Reviewed August 24, 2012 by Johanna Skibsrud.
“Or is speech a subject’s very constitution and assembly, which then makes experience possible?” asks Erín Moure in her latest collection The Unmemntioable, published this past spring by House of Anansi Press. Readers of Moure will be accustomed to the way loosely translated or re-interpreted texts—with a heavy preference for the work of 20th century Continental philosophers—serve as touchstones within her own work. Because these outside sources are seldom accompanied by the usual signposts it is sometimes difficult to tell where the line between Moure’s own text (read: subjectivity) and another’s is drawn. The reply that follows directly after the question posed by Moure above, for example, is set apart from the rest of the text with quotation marks but not attributed to its source, the Italian philosopher Giorgio Agamben, until a few lines later—and then only indirectly. “Subjectivity is nothing more than the aptitude of the speaker to posit its self as ego,” Moure quotes Agamben as saying: “it is in no way definable by a feeling an individual might hold in their ‘inner forum’ or ‘sanctum.’”
In a classical context, as Simon Critchley explains in his Ethics,
the subject is the subject of predication; […] that which persists through change, the substratum, and which has a function analogous to matter (hule). It is matter that persists through the changes that form (morphe) imposes upon it.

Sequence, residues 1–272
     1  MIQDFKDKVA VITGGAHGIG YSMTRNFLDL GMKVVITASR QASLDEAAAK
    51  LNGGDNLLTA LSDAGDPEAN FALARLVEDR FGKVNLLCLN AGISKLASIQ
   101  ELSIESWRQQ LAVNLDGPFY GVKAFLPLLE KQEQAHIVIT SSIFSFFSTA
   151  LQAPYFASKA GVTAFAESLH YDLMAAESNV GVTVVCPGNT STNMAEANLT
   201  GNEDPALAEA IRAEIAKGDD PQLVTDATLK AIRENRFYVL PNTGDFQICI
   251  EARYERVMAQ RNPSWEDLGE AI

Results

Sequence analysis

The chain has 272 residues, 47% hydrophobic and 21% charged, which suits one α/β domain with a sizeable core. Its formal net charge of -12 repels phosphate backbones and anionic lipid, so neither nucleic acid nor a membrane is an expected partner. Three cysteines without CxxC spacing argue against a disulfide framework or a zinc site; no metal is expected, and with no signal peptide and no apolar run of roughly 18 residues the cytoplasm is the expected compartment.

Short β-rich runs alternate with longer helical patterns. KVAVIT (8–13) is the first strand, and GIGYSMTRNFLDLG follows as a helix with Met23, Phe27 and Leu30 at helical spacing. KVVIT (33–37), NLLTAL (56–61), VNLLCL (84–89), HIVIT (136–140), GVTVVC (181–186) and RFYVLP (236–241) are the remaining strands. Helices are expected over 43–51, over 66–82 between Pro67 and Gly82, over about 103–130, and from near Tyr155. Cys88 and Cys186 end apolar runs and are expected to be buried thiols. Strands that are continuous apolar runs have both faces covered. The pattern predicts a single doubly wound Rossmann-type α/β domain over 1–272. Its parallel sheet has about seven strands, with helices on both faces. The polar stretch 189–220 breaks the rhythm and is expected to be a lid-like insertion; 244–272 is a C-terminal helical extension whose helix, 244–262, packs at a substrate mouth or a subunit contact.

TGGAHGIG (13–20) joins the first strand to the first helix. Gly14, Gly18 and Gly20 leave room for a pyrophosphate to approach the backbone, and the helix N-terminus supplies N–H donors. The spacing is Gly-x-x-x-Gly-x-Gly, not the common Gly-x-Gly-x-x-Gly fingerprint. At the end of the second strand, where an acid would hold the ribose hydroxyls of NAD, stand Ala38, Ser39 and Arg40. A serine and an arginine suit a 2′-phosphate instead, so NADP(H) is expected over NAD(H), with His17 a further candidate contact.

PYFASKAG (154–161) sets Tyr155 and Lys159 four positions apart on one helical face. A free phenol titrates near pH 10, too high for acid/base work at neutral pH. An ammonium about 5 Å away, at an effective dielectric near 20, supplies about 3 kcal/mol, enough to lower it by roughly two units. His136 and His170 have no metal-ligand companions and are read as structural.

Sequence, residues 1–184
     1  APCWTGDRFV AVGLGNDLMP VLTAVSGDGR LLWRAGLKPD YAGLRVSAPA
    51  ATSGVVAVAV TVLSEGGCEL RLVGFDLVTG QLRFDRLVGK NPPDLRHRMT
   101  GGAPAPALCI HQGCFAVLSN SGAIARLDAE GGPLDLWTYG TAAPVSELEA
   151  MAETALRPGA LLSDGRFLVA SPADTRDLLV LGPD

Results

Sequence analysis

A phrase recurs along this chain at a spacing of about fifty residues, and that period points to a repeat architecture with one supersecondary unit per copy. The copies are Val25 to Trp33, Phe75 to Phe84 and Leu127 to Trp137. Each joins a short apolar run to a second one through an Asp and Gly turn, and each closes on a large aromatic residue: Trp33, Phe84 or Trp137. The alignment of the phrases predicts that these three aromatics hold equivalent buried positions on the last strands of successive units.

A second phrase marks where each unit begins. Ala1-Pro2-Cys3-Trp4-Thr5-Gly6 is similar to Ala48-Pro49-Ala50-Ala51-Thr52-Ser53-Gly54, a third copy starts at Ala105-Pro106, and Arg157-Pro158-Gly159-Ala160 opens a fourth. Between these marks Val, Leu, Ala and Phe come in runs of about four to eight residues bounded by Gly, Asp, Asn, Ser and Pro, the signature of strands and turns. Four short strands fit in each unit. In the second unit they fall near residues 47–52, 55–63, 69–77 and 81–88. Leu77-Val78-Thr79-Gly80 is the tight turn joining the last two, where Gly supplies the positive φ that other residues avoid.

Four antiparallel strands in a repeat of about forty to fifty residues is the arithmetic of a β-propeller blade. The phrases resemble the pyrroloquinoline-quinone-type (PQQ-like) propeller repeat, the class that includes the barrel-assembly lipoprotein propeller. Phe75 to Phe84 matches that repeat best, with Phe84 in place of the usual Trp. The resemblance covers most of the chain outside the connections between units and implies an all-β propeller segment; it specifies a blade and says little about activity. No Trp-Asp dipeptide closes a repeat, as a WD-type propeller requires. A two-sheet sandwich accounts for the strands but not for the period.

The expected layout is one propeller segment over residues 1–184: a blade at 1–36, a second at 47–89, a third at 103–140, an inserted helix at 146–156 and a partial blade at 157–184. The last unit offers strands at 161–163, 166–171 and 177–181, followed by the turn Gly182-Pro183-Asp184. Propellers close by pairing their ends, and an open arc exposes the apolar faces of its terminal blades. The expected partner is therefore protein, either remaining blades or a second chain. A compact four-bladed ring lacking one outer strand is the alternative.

Exposed in Moure’s collection are the various substrata of “subject” matter, a record of the shifts and changes, and most palpably the traces, of that which remains unchanged even by and through the imposition of its own form. In The Unmemntioable, language and subjectivity become material. Text (Moure’s and others’, and in a variety of languages: English, French, Romanian, Ukrainian…) and meanings collide and compress—sometimes sitting so closely alongside one another that it is their differences and disjunctures, rather than their similarities, that are emphasized. At times, they would seem not to touch at all.
But this seeming failure is integral to the structure of the whole for Moure. Language is matter, but it is not only that, and the ways in which the materiality of language in Moure’s poetry is brought to the fore conversely calls attention to this. Following Emmanuel Levinas, another philosophical voice echoed within the collection, Moure strives to delineate a space of contact between disparate subjectivities and possible meanings precisely by delineating their ultimate and unbridgeable difference. The Unmemntioable personifies and charts this difference by illustrating the relationship between Moure and her heteronym Elisa Sampedrin, with whom readers of Moure’s previous collections O Resplandor and Little Theatres will already be acquainted. Sampedrin is so literal an embodiment of the “difference” at the root of language—and thus the processes of translation that are necessary to reading, writing, and indeed of perception itself—that she acquires actual physical traits, an address (if shifting), and the authority to influence the author’s own literary, as well as (ostensibly) physical presence and direction.